The Complete Peanuts 1950-1954 (Hardcover)

Gift Box Set - Hardcover

By Charles M. Schulz, Garrison Keillor (Introduction by), Walter Cronkite (Introduction by), David Michaelis, Seth (Cover design or artwork by)

Fantagraphics, 9781560976325, 704pp.

Publication Date: October 17, 2004

Other Editions of This Title:
Hardcover (10/17/2008)
Hardcover (11/17/2006)
Hardcover (9/8/2009)
Hardcover (9/19/2012)
Hardcover (10/17/2005)
Paperback (10/26/2015)
Hardcover (9/17/2007)
Hardcover (8/29/2011)

List Price: 49.99*
* Individual store prices may vary.

Description

Collecting the first and second volumes of The Complete Peanuts (1950-1952 and 1953-1954) in one handsome collector's slipcase designed by the cartoonist Seth, this is the perfect gift book item.


In The Complete Peanuts 1950-1952: This first volume, covering the first two and a quarter years of the strip, will be of particular fascination to Peanuts aficionados worldwide: Although there have been literally hundreds of Peanuts books published, many of the strips from the series' first two or three years have never been collected before—in large part because they showed a young Schulz working out the kinks in his new strip and include some characterizations and designs that are quite different from the cast we're all familiar with. (Among other things, three major cast members—Schroeder, Lucy, and Linus—initially show up as infants and only "grow" into their final "mature" selves as the months go by. Even Snoopy debuts as a puppy!) Thus The Complete Peanuts offers a unique chance to see a master of the art form refine his skills and solidify his universe, day by day, week by week, month by month. This volume is rounded out with Garrison Keillor's introduction, a biographical essay by David Michaelis (Schulz and Peanuts) and an in-depth interview with Schulz conducted in 1987 by Gary Groth and Rick Marschall, all wrapped in a gorgeous design by award-winning cartoonist Seth.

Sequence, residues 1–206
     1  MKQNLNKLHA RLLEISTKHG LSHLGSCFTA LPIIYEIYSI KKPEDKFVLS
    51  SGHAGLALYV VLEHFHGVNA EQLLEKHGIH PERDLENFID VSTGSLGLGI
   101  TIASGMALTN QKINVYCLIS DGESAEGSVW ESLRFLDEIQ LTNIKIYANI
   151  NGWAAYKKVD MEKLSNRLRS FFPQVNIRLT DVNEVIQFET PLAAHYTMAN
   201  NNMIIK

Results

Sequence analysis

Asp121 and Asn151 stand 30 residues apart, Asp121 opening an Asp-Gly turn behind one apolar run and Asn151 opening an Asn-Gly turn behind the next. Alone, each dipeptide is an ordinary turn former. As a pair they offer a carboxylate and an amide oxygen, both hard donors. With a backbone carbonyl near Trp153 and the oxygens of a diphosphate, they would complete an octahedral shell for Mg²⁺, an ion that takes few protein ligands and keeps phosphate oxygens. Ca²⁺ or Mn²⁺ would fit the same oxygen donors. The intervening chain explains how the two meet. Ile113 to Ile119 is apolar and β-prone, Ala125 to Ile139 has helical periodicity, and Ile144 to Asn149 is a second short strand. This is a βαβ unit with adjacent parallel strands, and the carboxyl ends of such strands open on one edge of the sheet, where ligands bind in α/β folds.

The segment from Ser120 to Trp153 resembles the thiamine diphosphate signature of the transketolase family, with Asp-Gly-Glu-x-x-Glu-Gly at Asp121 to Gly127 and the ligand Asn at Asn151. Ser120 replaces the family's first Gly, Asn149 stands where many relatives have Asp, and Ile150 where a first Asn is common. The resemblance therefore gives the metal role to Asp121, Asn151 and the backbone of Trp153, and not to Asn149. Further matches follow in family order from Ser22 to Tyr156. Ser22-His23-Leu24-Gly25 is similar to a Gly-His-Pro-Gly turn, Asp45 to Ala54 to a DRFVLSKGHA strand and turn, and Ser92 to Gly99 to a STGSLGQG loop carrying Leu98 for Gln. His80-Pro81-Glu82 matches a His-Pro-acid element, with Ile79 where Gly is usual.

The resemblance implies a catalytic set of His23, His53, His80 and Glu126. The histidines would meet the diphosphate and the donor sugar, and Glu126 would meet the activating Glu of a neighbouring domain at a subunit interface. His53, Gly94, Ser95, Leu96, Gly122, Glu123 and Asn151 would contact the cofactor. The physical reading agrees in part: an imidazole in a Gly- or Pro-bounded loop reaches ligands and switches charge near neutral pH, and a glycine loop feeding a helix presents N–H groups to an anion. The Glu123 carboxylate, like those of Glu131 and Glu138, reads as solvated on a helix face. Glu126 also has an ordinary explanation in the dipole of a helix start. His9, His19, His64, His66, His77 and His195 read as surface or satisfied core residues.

In The Complete Peanuts 1953-1954: Our second volume is packed with intriguing developments, as Schulz continues to create his tender and comic universe. It begins with Peanuts' third full year and a cast of eight: Charlie Brown, Shermy, Patty, Violet, Schroeder, Lucy, the recently-born Linus, and Snoopy. By the end of 1954, Pigpen and his dust cloud join the crowd. Linus, who still doesn't speak, begins to emerge as one of the most complex and endearing characters in the strip: garrulous and inquisitive yet gentle and tolerant. And, in this volume, he acquires his security blanket! Charlie Brown is becoming his best-known self, the lovable, perpetually-humiliated round-headed loser, but he hasn't yet abandoned his brasher, prankish behavior from Volume 1. And, Lucy, this book's cover girl, has grown up and forcefully elbowed her way to the center of the action, proudly wearing her banner as a troublemaker, or, in Schulz's memorable phrase, a "fussbudget". For readers unfamiliar with the early years of the strip, Snoopy's appearances here may come as the biggest surprise: he behaves, for the most part, like a dog! But, although he doesn't yet walk upright, sleep on top of his doghouse, or possess a fantasy life, Snoopy has started thinking for himself and his evolution continues its fascinating course within these pages. If you watch carefully, you'll catch his very first shark impression. The vast majority of the daily and Sunday strips collected here are not currently available in any in-print Peanuts collection. Dozens of them have not been reprinted since their initial appearance in newspapers over 50 years ago. Introduction by Walter Cronkite.